Posted on March 2, 2016

Hollywood’s Casting Blitz: It’s All About Diversity in the Wake of #OscarsSoWhite

Rebecca Ford and Borys Kit, Hollywood Reporter, March 2, 2016

The biggest star to take the stage during the Academy Awards arguably was the #OscarsSoWhite controversy as Chris Rock hammered home Hollywood’s diversity issues during the three-plus-hour telecast. But now that the curtain has closed, the question becomes how the industry will avoid a repeat.

The wheels already might be in motion: Since the Oscar nominations were announced Jan. 14, a slew of diverse stories and color-blind castings have gained momentum. Newly announced projects include the young Barack Obama movie Barry and Disney’s immigrant story Dr. Q. (Those come on the heels of the record-breaking $17.5 million Sundance deal for Nate Parker’s slave drama The Birth of a Nation).

“There’s definitely a big conversation taking place right now in our business,” says Management 360 partner Darin Friedman. “From both the filmmaker side and the buyer side, there’s a push for more diverse stories. It’s happening in a genuine way: an understanding that the cast or the directors who get hired should reflect the way the world looks.”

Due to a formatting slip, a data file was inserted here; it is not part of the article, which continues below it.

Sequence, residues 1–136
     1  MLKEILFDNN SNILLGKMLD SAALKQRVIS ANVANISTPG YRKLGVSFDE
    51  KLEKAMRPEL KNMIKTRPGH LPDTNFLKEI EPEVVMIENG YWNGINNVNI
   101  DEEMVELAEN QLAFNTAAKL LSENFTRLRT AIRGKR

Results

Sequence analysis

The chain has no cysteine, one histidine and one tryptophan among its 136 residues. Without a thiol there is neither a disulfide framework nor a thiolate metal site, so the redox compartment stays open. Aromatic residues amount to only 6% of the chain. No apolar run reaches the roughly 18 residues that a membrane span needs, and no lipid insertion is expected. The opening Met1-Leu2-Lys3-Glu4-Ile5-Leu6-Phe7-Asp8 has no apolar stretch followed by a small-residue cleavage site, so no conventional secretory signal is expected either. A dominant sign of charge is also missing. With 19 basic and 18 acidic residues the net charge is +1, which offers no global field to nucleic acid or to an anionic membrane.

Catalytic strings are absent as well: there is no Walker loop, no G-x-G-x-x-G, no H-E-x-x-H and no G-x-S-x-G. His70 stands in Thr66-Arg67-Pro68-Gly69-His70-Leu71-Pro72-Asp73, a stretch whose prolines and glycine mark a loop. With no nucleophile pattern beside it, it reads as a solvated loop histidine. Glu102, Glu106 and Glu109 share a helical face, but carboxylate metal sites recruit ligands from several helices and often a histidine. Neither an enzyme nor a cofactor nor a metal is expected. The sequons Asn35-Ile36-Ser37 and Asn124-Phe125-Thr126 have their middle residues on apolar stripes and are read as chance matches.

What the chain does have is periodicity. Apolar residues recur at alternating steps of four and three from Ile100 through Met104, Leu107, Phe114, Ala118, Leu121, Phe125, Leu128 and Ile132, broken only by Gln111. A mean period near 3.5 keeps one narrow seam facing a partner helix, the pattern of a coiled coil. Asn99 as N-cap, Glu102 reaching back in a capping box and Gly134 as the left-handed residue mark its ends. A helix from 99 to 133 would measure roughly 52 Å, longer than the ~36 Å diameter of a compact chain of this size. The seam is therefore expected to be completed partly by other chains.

{snip} J.J. Abrams’ production company Bad Robot has teamed with its agency, CAA, and studio partners to require that women and people of color are submitted for writing, directing and acting jobs in proportion to their representation in the U.S. population.

“The Oscars controversy was a wake-up call to examine our role in expanding opportunities internally at Bad Robot and externally with our content and partners,” says Abrams, who produces the Star Wars and Star Trek movie franchises along with the TV series Person of Interest and Hulu’s miniseries 11.22.63. “It’s good for audiences, and it’s good for the bottom line.”


Several other actors of color have nabbed high-profile roles in recent weeks: Idris Elba is in talks to star in Fox’s romantic drama The Mountain Between Us in a lead role that originally was written for a white actor (Charlie Hunnam was in talks at one point); Hamilton star Lin-Manuel Miranda will star in Disney’s Mary Poppins sequel as a character similar to that played by Dick Van Dyke in the original; and Michael B. Jordan will star in MGM’s remake of The Thomas Crown Affair, playing a role previously inhabited by Steve McQueen and Pierce Brosnan.